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Preston Police to up patrols as new mobile phone driving penalties come in

Posted on - 25th February, 2017 - 7:00pm | Author - | Posted in - Crime, News, Roads, Transport
Expect to see an increased police presence at major roads and accident hot spots Pic: Tony Worrall
Expect to see an increased police presence at major roads and accident hot spots Pic: Tony Worrall

Police in Preston are preparing to clamp down on drivers using mobile phones as new tougher penalties come into place.

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From Wednesday (1 March) anyone caught using a mobile phone whilst driving is to receive six points on their licence and a £200 fine.

The new legislation doubles the previous penalty and also removes the current option to refer a driver to an education course as an alternative to a fine and points.

Anyone caught using their phone will be automatically issued with a penalty notice or be reported to court.

Lancashire Police are preparing to deploy a number of tactics for the first week once the new laws come into force.

Read more: Average speed cameras going up in London Road

Safety camera vans are being deployed outside schools and on major roads – and camera technicians will be able to get evidence of offenders.

Marked and unmarked police vehicles will also be on patrol as well as checkpoints set up.

Chief Inspector Damian Kitchen said: “Inattention and distraction are as big an issue to road safety as speed, seatbelt use and drink or drug driving. The consequences of even a moment’s distraction can be devastating and our message is ‘it simply is not worth taking that call or sending that text’. Killing or seriously injuring someone just because you picked up your mobile phone will live with you forever, and destroy families. In addition you could go to prison, lose your job and your licence.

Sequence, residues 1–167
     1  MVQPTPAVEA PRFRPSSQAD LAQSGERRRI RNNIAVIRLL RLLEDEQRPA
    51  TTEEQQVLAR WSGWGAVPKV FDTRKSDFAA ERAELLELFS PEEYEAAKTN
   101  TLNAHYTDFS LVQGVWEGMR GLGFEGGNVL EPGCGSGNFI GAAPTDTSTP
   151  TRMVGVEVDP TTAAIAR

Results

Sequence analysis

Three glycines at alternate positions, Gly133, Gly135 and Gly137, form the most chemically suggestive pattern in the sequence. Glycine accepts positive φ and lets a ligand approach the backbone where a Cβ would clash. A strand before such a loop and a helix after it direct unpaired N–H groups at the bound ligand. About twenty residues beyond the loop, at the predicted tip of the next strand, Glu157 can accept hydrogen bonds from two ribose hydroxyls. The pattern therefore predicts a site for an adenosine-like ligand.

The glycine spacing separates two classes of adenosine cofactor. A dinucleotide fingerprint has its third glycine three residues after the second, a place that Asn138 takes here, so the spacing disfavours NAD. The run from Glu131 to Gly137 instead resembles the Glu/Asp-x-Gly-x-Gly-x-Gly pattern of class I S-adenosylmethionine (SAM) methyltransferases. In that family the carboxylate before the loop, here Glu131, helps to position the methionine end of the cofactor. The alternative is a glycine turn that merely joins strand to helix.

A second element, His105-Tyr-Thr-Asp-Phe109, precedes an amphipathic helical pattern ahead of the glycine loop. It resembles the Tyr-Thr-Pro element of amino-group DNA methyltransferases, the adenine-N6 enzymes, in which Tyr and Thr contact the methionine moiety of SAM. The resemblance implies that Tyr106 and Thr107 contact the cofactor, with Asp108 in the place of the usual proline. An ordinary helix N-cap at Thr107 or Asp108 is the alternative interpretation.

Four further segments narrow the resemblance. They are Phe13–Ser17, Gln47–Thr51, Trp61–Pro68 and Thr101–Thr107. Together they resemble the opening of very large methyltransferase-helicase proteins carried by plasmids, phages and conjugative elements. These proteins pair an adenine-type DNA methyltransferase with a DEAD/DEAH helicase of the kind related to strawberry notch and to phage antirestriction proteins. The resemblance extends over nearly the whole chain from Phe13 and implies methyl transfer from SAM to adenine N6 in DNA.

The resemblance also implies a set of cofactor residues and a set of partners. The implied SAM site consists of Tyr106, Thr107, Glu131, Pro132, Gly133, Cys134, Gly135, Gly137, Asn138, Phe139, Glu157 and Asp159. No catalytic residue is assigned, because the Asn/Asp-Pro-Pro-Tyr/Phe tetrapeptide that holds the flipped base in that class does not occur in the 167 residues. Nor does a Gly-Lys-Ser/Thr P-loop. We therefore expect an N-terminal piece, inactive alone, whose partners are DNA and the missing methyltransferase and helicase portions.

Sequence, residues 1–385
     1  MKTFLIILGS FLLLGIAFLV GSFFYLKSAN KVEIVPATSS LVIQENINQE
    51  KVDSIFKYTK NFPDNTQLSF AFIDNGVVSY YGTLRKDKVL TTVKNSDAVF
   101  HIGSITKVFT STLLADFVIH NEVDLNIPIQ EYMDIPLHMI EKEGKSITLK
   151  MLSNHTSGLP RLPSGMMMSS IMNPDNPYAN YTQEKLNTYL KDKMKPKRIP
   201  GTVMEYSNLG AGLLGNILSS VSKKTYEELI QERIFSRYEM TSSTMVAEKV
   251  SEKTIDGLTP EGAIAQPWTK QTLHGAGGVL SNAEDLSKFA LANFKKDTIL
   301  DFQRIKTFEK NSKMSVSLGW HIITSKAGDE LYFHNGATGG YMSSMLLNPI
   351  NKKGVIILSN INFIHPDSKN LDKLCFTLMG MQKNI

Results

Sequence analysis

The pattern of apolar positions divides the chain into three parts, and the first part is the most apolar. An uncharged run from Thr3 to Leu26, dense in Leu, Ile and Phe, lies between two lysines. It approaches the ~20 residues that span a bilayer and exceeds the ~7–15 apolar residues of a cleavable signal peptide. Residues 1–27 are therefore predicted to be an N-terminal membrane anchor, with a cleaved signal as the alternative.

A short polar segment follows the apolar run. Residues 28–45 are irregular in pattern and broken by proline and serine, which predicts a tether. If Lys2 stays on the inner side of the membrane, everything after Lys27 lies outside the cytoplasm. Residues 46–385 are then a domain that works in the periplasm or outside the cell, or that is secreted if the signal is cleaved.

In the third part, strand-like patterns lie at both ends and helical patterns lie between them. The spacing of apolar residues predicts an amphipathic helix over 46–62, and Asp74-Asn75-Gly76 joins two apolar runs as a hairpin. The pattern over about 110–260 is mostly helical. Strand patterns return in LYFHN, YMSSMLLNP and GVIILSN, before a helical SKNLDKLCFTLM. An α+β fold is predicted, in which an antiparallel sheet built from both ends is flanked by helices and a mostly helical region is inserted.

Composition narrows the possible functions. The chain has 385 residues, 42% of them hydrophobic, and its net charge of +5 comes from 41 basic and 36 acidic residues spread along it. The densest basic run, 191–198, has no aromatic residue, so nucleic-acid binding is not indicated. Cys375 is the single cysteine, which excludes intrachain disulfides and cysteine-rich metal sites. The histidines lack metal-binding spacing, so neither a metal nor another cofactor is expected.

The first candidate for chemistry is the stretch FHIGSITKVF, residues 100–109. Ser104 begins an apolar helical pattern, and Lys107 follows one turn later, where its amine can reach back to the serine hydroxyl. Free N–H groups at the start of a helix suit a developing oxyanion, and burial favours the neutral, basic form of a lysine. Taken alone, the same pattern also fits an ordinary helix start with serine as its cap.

“Sadly too many motorists on our roads are taking the risk of using their mobile phone when driving. Whether it’s looking at a text or a new social media post, streaming a video behind the wheel, checking emails or making a phone call, all of these activities are dangerous. I get lots of correspondence from the public, councillors and MPs asking us to do more to tackle this issue. It really is becoming as socially unacceptable as drink driving and rightly so.

“We want all road users to be aware of the new legislation, although I suspect there will be some who view this as a money making scheme, but I want to refute that straight away. Police forces receive no revenue from the fines issued, which all go to the treasury. This change in legislation and renewed approach is about reducing casualties. Success for me will be that we don’t issue any fines again because people simply stop doing it.

“I would urge anyone getting behind the wheel to think before picking up a mobile phone, and to those who are passengers or know that someone is likely to be driving, don’t distract them with calls or texts or other forms of communication. Leave it until you’ve finished your journey and have stopped driving.”

Read more: Where the average speed cameras are going across Lancashire

Officers will also respond to complaints about persistent offers.

Lancashire Police and Crime Commissioner Clive Grunshaw said: “This new legislation is more than welcome here in Lancashire and I hope that it will encourage drivers to stop and think before they use their mobile phone to check a message, answer a call or even scroll through their social media profiles when they are driving.

“It is completely unacceptable to take your eyes of the road even for a split second whether you’re a careful driver or not. It only takes that split second to lose concentration resulting in a serious or even fatal collision.

“The risks of using a mobile phone behind the wheel have always been very clear and if this new law results in making Lancashire’s roads safer then I completely back the change, 100 per cent.”

During 2016 more than 1,100 motorists were detected and issued with a ticket for driving whilst using a mobile phone in Lancashire.

What do you think of the new tougher penalties? Let us know in the comments below

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